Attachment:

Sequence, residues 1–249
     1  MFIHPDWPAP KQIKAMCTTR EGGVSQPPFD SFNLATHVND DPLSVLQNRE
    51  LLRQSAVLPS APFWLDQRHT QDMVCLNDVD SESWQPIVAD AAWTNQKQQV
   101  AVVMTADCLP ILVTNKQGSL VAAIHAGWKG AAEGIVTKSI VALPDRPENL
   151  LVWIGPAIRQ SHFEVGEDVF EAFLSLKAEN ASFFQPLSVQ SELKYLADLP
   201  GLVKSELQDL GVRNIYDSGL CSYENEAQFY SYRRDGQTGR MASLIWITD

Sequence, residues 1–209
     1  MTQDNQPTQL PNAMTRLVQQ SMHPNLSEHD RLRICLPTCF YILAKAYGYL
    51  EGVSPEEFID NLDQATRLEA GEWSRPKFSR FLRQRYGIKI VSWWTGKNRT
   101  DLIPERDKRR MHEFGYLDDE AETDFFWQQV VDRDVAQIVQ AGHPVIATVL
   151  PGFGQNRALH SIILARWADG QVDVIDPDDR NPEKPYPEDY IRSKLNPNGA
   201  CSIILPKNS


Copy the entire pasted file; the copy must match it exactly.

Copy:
Sequence, residues 1–249
     1  MFIHPDWPAP KQIKAMCTTR EGGVSQPPFD SFNLATHVND DPLSVLQNRE
    51  LLRQSAVLPS APFWLDQRHT QDMVCLNDVD SESWQPIVAD AAWTNQKQQV
   101  AVVMTADCLP ILVTNKQGSL VAAIHAGWKG AAEGIVTKSI VALPDRPENL
   151  LVWIGPAIRQ SHFEVGEDVF EAFLSLKAEN ASFFQPLSVQ SELKYLADLP
   201  GLVKSELQDL GVRNIYDSGL CSYENEAQFY SYRRDGQTGR MASLIWITD

Sequence, residues 1–209
     1  MTQDNQPTQL PNAMTRLVQQ SMHPNLSEHD RLRICLPTCF YILAKAYGYL
    51  EGVSPEEFID NLDQATRLEA GEWSRPKFSR FLRQRYGIKI VSWWTGKNRT
   101  DLIPERDKRR MHEFGYLDDE AETDFFWQQV VDRDVAQIVQ AGHPVIATVL
   151  PGFGQNRALH SIILARWADG QVDVIDPDDR NPEKPYPEDY IRSKLNPNGA
   201  CSIILPKNS